The starting point is a simple, but is incredibly important – that how you feel is actually driven by the thoughts that are going through your mind. There is a simple way of demonstrating this.
Let’s suppose that two people are sitting in a room. One of them is terrified of spiders, the other isn’t. Neither of them know how the other one feels about spiders.
Then a little spider crawls across the table between them. How will they react? The one who isn’t scared of spiders will probably just shrug. It’s a spider. So what? The one who is scared is spiders will back away, might shout out or scream andmight get the other one to get rid of the spider.
So, both people experience exactly the same ‘event’ – a spider crawling across a table. But they react in totally different ways. Why? Because they are thinking differently.
Whenever something new happens in our environment we do a mini risk assessment. We don’t realize that’s what we are doing, but it is there nonetheless. The person who isn’t scared of spiders does a realistic risk assessment – ‘it’s just a spider, that’s not a threat to me.’ But the person with a fear of spiders (arachnophobia is the technical term) is thinking something like ‘’Aagh….a spider…..I’ve got to get away from it.’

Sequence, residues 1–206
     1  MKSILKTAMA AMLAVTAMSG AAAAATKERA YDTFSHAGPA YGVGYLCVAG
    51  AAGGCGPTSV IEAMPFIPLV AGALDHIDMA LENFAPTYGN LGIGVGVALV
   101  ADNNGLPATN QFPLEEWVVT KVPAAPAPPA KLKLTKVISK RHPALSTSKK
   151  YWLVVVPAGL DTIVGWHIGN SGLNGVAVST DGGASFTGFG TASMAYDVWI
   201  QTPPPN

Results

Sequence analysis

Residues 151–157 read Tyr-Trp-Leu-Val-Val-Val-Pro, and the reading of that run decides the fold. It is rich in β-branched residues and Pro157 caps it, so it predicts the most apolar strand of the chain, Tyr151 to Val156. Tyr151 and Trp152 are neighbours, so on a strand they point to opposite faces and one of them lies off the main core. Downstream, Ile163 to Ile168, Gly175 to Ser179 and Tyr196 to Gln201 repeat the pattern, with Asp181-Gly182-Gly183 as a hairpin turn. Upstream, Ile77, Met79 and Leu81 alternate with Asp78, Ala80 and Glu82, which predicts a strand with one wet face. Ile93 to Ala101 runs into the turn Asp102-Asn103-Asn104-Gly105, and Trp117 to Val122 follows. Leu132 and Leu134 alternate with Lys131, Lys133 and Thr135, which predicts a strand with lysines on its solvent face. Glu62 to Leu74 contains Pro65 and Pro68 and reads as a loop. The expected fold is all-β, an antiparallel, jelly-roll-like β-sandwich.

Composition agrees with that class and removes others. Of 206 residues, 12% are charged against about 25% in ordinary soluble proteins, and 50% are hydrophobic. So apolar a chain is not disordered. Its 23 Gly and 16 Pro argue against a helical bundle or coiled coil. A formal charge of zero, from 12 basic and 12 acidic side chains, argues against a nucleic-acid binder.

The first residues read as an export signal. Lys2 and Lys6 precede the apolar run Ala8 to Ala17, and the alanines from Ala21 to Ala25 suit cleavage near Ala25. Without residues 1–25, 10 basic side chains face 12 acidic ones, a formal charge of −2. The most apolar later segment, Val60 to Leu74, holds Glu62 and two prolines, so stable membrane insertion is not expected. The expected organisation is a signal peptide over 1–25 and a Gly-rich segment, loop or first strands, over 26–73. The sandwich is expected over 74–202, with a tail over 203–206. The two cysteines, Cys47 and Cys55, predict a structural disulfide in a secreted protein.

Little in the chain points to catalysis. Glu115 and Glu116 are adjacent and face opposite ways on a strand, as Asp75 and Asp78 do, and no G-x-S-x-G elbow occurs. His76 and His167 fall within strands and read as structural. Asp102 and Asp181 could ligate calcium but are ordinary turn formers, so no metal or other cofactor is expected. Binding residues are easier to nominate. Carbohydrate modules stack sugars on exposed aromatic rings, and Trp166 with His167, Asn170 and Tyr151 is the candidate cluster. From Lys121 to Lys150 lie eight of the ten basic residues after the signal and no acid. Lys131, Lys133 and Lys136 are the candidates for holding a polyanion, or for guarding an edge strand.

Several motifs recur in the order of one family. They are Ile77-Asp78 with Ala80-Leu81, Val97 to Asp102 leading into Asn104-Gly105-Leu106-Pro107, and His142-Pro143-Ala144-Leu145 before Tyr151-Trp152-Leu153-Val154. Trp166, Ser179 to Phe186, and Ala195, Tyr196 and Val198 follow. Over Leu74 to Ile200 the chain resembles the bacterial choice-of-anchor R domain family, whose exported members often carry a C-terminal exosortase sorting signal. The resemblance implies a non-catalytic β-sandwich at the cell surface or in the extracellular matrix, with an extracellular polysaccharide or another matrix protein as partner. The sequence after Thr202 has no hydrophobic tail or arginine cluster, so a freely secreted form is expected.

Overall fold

They key point here is that it isn’t the spider that is the important bit. It is how you think about the spider that really matters.
Linking this in to stress and anxiety you can see the same process at work. Imagine two men A and B, who work in two different accountancy firms in the City (we’ll make them men just for simplicity). Imagine that A and B are working on similar projects and both are asked, at very short notice, to produce a detailed report to be ready the following afternoon.
A is a good with pressure. He isn’t prone to panic and knows that by getting his head down and doing some long hours he will be able to get the report done in time. B, however is much more prone to stress and anxiety. B starts thinking in the panicky way that psychologists call ‘catastrophising’. ‘Oh my God. I’ll never get this done in time. They’ve told us there might have to be some redundancies in my department. If I can’t do this I’ll be out. I won’t be able to pay the mortgage…….etc. etc.’
Just like in the spider story, A and B are facing an identical pressure, but they are thinking very differently about it. Thinking in the realistic way that he does, A is not very likely to get stressed. B on the other hand, with his panicky thoughts, is much more likely to be a candidate for stress and anxiety. So once again it’s not really the pressure they have to deal with, but how they think about the pressure that is causing the stress.
It’s the thoughts that are the problem. And on this there is much more to be said……..